I used a nitro enamel commonly available in hardware stores for painting. It comes in 0.9 litre tins. Lettering and numbers were stenciled through a plastic sheet with symbols plotter-cutted in it. Painting turned out to be a much more time-consuming activity compared to the process of building. I think it was worth it, though.

The plastic stencil should be removed as soon as the paint has dried to the touch. After using it several times the glue layer may remain on the model, in my case, possibly due to the heat. The temperature in my garage was 32 °C. If there's some glue left, treat it with white spirit (adhesive remover).

Oh, I almost forgot about the lower center section. I'll ditch the talk, just see the picture. It has landing gear strut attached to it, while it itself is attached with screws to the motor mount, which is embedded in fuselage.

I used heat gun on polystyrene to make wheel fairings.

The motor mount is carved out of 4 mm construction veneer, 6 mm for the front side where the motor is mounted. The motor mount has a battery compartment.

The motor mount is removable and, as I said earlier, held down with screws along with the lower center section.

Before I'd started painting, I made the upper side of the cowl removable for ensuring easy access to the motor and battery.

The cowl can be removed by loosening the screws that fix it to the motor mount.

There's a removable hatch under the cockpit where electronics and wiring can be accommodated.

Plastiс pin horns, available in stores, didn't quite fit in the concept of the model. A little rasp work, and these DIY aluminium beauties are ready to be mounted!

The pin horns go right onto the tube.

Since the tail and horizontal stabilizer are removable (also, to save the husstle with pushrods), I decided to install the servos inside the tail and horizontal stabilizer.

Here's the aileron drive connection. Pin horn and forks are duraluminium.

If you're following my story, you should remember that there was one aluminium rib in ailerons. It had a bracket for attaching the pushrod. It's time to build that pushrod.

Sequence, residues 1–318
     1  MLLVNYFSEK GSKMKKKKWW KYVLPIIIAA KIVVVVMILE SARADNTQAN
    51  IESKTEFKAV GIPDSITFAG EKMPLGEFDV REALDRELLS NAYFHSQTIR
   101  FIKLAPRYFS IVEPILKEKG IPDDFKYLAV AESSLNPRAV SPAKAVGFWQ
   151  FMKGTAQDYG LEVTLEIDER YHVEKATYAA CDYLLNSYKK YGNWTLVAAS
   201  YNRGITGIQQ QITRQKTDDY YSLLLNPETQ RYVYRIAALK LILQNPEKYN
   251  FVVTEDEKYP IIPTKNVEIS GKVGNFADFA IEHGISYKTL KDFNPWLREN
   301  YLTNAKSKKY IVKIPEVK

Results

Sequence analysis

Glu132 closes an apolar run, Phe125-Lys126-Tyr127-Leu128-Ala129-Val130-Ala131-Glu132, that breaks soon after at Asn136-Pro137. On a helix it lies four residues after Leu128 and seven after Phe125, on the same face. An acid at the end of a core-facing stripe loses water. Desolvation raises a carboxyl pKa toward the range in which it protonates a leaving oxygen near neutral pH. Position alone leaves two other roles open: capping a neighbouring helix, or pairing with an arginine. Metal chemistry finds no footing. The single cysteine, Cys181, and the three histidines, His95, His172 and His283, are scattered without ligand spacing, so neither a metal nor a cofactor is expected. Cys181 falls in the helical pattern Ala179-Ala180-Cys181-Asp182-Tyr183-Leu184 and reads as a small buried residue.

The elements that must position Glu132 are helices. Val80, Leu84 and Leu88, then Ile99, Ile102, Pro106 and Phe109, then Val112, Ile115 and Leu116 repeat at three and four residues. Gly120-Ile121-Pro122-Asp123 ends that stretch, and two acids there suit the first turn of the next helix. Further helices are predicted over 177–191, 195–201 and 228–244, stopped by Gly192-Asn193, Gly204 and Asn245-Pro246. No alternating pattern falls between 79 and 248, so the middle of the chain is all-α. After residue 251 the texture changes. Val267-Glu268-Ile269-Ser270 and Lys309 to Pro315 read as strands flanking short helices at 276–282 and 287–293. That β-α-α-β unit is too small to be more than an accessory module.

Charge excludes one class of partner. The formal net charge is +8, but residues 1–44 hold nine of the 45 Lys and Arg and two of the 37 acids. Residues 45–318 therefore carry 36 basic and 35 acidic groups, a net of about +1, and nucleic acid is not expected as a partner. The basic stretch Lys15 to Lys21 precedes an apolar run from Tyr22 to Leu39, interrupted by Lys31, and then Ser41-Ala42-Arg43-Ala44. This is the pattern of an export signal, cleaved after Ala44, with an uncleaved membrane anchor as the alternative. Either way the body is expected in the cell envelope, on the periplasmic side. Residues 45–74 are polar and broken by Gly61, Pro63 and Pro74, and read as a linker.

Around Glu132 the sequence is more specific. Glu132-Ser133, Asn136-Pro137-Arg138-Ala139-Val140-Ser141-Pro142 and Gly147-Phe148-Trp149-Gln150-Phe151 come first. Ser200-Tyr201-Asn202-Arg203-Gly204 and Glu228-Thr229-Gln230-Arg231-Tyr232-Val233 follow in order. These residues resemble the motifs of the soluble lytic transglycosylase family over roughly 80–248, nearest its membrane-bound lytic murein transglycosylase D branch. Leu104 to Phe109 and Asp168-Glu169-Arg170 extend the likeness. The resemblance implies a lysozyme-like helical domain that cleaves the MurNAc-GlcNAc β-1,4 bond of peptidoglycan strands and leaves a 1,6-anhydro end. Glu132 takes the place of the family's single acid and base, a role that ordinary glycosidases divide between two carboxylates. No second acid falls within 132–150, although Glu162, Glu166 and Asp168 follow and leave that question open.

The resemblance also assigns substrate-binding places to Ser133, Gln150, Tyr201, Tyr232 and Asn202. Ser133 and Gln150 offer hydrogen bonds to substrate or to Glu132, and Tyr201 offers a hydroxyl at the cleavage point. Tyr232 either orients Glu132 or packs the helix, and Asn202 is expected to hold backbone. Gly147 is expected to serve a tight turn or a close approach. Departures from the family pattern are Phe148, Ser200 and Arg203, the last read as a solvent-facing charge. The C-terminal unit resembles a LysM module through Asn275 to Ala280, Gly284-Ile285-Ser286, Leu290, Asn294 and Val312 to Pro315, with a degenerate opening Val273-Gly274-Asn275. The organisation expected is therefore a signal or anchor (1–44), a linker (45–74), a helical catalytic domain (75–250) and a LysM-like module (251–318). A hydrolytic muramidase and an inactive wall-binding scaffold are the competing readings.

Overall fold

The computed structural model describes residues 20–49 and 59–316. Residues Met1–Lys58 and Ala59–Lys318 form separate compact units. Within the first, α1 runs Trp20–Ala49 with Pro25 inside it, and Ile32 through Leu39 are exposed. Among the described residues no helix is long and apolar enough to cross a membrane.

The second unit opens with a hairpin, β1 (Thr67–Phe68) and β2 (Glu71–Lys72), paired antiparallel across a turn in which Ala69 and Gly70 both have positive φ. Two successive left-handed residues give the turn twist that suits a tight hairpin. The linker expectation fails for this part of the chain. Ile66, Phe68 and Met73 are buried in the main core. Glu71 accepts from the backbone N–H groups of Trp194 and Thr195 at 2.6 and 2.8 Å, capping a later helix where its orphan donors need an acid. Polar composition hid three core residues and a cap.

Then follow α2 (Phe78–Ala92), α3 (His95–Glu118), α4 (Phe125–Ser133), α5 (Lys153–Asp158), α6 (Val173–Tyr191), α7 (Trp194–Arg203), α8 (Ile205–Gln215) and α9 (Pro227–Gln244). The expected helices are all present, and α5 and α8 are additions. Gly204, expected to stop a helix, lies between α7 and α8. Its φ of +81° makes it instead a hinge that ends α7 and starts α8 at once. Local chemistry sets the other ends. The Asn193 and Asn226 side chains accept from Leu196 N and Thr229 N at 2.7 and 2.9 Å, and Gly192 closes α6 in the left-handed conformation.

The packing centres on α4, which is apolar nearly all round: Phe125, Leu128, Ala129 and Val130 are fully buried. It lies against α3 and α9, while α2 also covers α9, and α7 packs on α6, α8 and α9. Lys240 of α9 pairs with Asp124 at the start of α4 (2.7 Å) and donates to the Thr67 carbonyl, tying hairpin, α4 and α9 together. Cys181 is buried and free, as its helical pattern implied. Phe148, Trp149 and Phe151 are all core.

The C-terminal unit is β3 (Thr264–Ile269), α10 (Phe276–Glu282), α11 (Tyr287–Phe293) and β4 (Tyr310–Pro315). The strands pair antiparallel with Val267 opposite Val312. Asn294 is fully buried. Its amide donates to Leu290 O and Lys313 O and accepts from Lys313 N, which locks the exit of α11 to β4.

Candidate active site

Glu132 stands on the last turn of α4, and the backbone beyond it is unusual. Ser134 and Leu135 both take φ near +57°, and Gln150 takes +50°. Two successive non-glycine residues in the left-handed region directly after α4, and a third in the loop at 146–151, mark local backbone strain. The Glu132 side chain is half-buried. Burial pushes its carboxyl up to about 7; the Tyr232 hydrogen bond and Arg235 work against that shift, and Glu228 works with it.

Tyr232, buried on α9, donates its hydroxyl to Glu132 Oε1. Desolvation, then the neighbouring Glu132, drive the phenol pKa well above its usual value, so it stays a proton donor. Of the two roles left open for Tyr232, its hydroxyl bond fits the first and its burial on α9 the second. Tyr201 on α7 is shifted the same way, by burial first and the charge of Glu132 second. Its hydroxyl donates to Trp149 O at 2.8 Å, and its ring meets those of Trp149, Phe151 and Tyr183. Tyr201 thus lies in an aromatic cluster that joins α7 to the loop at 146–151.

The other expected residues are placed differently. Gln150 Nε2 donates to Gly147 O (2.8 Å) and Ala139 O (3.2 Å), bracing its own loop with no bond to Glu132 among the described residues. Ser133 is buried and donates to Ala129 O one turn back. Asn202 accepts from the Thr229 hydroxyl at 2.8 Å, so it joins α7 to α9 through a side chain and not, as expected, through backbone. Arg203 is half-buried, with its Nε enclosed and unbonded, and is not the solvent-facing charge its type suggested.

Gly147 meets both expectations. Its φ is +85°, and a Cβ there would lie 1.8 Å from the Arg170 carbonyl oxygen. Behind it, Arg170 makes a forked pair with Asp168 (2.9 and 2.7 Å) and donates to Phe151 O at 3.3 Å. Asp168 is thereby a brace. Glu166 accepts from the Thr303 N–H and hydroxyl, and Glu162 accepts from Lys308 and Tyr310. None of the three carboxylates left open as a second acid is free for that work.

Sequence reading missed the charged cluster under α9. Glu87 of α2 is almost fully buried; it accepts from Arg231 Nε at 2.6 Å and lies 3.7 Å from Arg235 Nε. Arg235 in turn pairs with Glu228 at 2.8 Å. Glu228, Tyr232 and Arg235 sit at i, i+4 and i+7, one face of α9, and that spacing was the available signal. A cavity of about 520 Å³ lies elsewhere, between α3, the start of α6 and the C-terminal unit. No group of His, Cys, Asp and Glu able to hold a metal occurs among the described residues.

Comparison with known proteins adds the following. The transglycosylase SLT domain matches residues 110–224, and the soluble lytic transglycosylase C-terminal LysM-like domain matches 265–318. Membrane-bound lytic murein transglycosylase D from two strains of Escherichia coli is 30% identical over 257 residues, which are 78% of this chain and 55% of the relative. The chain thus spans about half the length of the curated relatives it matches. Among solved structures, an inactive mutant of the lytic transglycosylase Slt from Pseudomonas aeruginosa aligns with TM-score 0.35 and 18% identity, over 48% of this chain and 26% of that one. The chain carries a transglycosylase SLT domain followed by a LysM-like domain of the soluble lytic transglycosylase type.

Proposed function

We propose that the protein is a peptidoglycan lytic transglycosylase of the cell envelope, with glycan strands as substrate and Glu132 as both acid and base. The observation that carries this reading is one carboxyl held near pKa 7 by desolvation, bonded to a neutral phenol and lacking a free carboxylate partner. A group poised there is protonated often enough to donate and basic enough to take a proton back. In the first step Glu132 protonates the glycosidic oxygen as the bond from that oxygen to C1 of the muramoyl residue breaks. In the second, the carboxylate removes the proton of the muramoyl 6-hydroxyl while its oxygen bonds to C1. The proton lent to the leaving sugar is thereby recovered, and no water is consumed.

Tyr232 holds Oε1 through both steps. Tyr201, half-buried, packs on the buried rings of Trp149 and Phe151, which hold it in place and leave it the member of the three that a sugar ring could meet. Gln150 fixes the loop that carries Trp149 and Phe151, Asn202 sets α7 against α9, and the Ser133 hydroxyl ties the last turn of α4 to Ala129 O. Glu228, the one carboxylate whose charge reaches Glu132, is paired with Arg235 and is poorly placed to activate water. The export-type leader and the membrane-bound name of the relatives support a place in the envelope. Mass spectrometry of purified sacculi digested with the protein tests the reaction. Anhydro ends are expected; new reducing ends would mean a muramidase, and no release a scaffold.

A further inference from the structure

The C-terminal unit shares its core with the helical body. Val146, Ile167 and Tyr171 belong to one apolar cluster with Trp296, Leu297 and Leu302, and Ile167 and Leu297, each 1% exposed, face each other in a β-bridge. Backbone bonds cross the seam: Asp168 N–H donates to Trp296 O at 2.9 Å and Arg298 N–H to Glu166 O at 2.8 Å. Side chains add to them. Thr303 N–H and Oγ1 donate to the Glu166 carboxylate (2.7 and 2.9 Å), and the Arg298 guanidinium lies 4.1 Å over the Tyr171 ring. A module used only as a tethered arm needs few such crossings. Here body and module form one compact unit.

It's made of beechwood, 6x3 mm, with aluminium tips. One tip is dead-fixed with glue, the other one is attached with thread and adjustable.

As soon as the pushrod is assembled, I shape it to the proper cross-section and paint it over. Then put it where it belongs.

And we're now down to the final part, the wing rigging wire. It took me some time to figure out how to make those bastards functional, not just fake. A couple hours spent with an electric drill and a thread file and we're done: behold these tension tips!

Now let's assemble. Put the cable (0.8 mm stainless steel wire) into the threaded tip and rivet it over like you would do to a nail head. Make sure the length of the cable under tension allows a few spare turns on the threading.

Not sure how to call little plastic part. It's there for a better resemblance.

These foam parts will make sure you carry and store wing panels and their fixing tubes safely.

A few pics of the almost-finished model.

Let's sum it up.

Weight: 2,400 g not including battery and ESC (with motor and servos installed)
Wingspan: 1,460 mm
Total wing area: 60 sq. dm
Horizontal stabilizer area: 8 sq. dm
Wing loading (flight weight of 2.8 kg): 46 g per dm

Not accounting for the electronics, building this model is dirt cheap. A 50 mm piece of polysterene foam, a scrape of lining cloth, three cans of paint (yellow, white and black). It's all about affection and a bit of handwork!

Sadly, it won't take flight soon. It is yet to be equipped, which is really challenging. There's no way to have a parcel delivered to Donetsk these days. Not to mention fierce militarymen with assault rifles who put the town under siege making a walk in the field a farily dangerous activity.

That's all I had to tell you about my Fk 12 Comet model.

There's another German aircraft that caught my eye, though:

But that's another story.

Thank you all for reading my reviews.

All of you who felt they were helpful, thanks a lot! I gotta say, it's really fun to build a model. It's exciting! Go for it, fly your airplanes high and stop making onetime crap.

Yours sincerely,

In response to public request, I attach files with the sketches:
Kompas 3D file (ver.13): (Fk12CometForRCFair.frw)
For those AutoCAD savvy: (Fk12CometForRCFair.dxf)
CorelDraw vector graphics for plotter-cutted stencils: (Fk12CometStencils.cdr)

Full-size bitmap graphics for those at odds with design and drafting tools (may take a bit to load): (Fk-12ColorScheme.jpg)
(Fk-12BasicDimensions.jpg) (Fk-12Wing.jpg) (Fk-12Fuselage.jpg) (Fk-12StabilizerAndMotorMount.jpg)
(Fk-12WingStrutAndFin.jpg) (Fk-12Support.jpg)

Have a great time building and flying!
This is the translated version. You can read the original Russian article here.